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Old 01-30-2016, 10:01 PM
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Cc4me Cc4me is offline
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Cover mold/mildew

Hey guys, I am hoping you can help me out. My 2014 X10 has been covered with the factory under tower cover in a climate controlled storage building since October. The boat was cleaned with 303 and put up dry. I had three Damp rid containers inside the boat. Now I have a bunch of white mold or mildew on the underside of my cover. I have never treated the cover with anything. The seats still look good, I only found a couple of tiny specks on them. I do not want to have the cover contaminate the boat. What is the best way to clean the cover of this mold/mildew? How do I prevent it from coming back in the future? Any thoughts on what I might have done wrong to get it to start with?


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  #2  
Old 01-31-2016, 08:20 PM
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Come on guys, someone has ran into this same issue. Help me out please.
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Old 01-31-2016, 08:35 PM
T-bone T-bone is offline
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I'd bet the Damp Rid absorbed the initial moisture in the boat and then formed a liquid brine solution in the container, which then started to evaporate inside the boat and condense on the inside of the cover. That may be salt you are seeing on the cover. Just a wild guess though.

Last edited by T-bone; 01-31-2016 at 09:22 PM.
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Old 01-31-2016, 08:49 PM
T-bone T-bone is offline
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The salt should theoretically stay behind in the container when the brine water evaporates, but it sure does look like salt on the cover.

Last edited by T-bone; 01-31-2016 at 09:22 PM.
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Old 01-31-2016, 09:17 PM
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Quote:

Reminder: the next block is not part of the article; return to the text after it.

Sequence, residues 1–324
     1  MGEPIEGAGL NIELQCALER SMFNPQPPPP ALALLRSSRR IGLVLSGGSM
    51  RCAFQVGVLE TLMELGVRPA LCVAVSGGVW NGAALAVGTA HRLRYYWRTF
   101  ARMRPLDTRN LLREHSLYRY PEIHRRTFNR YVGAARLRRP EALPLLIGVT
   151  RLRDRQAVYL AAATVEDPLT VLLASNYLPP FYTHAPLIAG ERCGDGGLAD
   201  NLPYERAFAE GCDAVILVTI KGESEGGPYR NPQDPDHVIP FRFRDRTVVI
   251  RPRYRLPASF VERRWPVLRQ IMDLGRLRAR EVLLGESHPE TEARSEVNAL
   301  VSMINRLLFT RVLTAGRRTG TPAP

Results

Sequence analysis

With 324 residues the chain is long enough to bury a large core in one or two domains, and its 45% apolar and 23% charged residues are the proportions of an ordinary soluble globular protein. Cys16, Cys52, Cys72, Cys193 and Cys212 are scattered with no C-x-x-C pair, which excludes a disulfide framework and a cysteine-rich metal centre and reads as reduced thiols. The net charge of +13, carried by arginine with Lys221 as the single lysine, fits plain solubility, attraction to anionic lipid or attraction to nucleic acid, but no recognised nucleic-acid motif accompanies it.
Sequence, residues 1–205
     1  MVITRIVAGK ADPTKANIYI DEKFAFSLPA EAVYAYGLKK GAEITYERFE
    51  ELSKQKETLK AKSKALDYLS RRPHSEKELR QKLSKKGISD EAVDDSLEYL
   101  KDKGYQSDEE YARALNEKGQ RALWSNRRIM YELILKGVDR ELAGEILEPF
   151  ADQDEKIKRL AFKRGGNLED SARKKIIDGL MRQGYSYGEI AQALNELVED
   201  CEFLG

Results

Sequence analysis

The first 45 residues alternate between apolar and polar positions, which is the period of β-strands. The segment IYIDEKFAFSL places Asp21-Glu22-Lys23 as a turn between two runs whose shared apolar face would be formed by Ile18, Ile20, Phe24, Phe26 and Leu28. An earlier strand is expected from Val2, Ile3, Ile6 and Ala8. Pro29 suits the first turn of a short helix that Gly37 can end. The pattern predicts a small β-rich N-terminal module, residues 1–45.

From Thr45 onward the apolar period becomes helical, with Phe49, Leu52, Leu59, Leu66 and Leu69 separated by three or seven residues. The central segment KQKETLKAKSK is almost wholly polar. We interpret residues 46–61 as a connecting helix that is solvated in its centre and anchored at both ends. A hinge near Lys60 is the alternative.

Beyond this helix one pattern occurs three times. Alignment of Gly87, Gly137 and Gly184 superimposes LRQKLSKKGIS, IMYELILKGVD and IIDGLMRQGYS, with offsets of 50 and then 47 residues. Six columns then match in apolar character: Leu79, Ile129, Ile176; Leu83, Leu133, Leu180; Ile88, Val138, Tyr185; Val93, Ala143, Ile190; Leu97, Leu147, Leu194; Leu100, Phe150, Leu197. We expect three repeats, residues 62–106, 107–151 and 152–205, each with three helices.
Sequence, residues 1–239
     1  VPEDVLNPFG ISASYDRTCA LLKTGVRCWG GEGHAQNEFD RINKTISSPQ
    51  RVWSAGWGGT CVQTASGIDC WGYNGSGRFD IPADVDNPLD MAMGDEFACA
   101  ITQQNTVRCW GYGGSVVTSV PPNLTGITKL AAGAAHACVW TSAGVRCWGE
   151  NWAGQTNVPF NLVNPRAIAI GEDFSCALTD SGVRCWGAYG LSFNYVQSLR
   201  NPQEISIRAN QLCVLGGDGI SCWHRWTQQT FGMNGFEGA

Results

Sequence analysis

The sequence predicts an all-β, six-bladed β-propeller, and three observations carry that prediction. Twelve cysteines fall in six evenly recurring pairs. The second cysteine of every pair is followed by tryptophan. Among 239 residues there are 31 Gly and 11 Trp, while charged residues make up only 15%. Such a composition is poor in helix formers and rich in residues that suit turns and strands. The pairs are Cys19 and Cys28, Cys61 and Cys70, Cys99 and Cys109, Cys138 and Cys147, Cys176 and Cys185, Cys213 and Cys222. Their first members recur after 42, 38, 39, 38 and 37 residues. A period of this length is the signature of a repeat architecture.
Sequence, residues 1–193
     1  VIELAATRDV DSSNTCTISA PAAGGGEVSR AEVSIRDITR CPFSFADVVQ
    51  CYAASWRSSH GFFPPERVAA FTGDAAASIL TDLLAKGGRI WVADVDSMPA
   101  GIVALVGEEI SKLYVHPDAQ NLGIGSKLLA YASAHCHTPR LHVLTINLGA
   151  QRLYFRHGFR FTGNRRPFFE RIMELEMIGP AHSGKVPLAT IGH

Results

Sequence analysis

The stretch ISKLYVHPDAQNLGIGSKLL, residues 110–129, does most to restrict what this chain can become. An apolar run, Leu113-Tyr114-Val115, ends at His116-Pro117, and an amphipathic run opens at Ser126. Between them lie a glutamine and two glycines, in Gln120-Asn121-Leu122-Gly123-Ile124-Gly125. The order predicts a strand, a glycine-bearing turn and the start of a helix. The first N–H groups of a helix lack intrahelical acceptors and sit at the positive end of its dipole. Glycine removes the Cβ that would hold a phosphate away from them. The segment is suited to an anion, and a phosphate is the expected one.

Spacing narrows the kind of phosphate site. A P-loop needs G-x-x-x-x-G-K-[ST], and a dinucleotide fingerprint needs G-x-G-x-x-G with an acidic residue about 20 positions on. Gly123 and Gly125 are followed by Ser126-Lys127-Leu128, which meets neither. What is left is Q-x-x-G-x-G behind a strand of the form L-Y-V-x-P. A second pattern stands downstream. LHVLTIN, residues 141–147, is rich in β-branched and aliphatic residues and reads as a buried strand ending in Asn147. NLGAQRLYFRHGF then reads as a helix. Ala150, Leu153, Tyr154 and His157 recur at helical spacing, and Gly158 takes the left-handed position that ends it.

Originally Posted by T-bone View Post
I'd bet the Damp Rid absorbed the initial moisture in the boat and then formed a liquid brine solution in the container, which then started to evaporate inside the boat and condense on the inside of the cover. That may be salt you are seeing on the cover. Just a wild guess though.
Quote:
Originally Posted by T-bone View Post
The salt should theoretically stay behind in the container when the brine water evaporates, but it sure does look like salt on the cover.
Ironically, one of the damp rid containers did have an inch of liquid in it. I have used damp rid for probably 8 years. I've never had a container do that. Normally the moisture is all absorbed by the damp rid crystals.

Any thoughts on cleaning the inside of the cover? Ever seen damp rid do this?
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Old 01-31-2016, 09:33 PM
T-bone T-bone is offline
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I have used it before and in the spring had one container that had just a bit of solution in it. The second container was full of solution to the top. No crystals left in either and no real salt residue on the sides of either container as you would expect if all that calcium chloride dissolved and then the water started to evaporate. So the salt went somewhere. I didn't have any staining on the cover. I'd try a wet towel and wipe it off or rinse the cover if you can. See how that works before doing anything else.
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  #7  
Old 01-31-2016, 11:18 PM
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neil.anderson63 neil.anderson63 is online now
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recommendations per Sunbrella,
"Sunbrella fabric should be cleaned regularly before substances such as dirt, roof particles, etc. are allowed to accumulate on and become embedded in the fabric. Brush off dirt, etc. and hose down with a mild solution of natural soap such as Lux or Ivory in lukewarm water (no more than 100 degrees F). Rinse thoroughly to remove soap. DO NOT USE DETERGENTS.

For more stubborn cases: Soak the fabric for 20 minutes in a solution of no more than 1/2 cup (4 oz.) Clorox and 1/4 cup (2 oz.) Ivory or Lux soap per gallon of water at approximately 100 degrees F. Rinse thoroughly in cold water to remove all of the soap. This may remove part of the water repellency and the fabric should receive an application of an air-curing fluorocarbon water repellent treatment if water repellency is a factor."

I have used ivory dish soap on a really bad mold stained cover, then treated it for water resistance.
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Old 01-31-2016, 11:44 PM
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When I lived in Pennsyvania we would store our boats in the coal mines. Mines stayed 50 degrees all the time no freezing. Mold and moisture would be a big issue but solved it by crushing plain charcoal brickets up in a paper bag with a hammer and placing it in the boat in several places on lids from cardboard boxes. The more we used the more moisture they would keep absorbed. Think of the charcoal filters used in newer refrigerators to remove odors. Works really well. P.S. Do NOT use charcoal with the match lite feature it contains petroleum products.
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  #9  
Old 02-01-2016, 05:21 AM
jgraham37128 jgraham37128 is offline
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I've cleaned mine with oxy clean in a 33 gallon trash can and used a boat oar to move around over two days. Lay out and rinse fill can back up with water and soak for another day. Then retreat with 303 repellant.
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